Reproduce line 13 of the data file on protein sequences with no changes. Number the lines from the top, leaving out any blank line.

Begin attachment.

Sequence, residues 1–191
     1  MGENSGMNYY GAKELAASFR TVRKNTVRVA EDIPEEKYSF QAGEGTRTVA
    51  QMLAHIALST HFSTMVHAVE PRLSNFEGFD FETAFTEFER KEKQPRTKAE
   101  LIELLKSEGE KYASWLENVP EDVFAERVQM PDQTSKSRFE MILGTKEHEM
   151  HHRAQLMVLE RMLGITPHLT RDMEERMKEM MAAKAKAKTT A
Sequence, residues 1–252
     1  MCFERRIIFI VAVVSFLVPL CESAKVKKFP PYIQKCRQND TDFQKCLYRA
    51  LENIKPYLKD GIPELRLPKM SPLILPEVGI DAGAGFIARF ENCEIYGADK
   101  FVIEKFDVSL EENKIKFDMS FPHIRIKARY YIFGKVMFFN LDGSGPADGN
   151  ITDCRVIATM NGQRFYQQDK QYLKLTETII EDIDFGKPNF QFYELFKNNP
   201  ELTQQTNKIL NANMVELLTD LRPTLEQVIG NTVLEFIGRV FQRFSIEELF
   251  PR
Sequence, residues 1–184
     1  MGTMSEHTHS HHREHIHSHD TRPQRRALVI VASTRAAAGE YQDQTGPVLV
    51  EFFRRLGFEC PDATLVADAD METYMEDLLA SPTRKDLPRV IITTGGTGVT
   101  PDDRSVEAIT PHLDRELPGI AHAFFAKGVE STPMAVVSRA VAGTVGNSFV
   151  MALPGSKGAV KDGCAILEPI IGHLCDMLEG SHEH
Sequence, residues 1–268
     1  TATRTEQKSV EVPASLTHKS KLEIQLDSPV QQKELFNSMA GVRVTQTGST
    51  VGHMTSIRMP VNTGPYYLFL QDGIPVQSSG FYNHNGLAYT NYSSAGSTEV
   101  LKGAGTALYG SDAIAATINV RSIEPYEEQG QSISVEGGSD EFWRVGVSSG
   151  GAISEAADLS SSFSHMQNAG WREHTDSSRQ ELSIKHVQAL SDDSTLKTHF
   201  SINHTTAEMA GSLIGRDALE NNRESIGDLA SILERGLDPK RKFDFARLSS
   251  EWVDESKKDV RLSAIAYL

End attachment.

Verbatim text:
Sequence, residues 1–184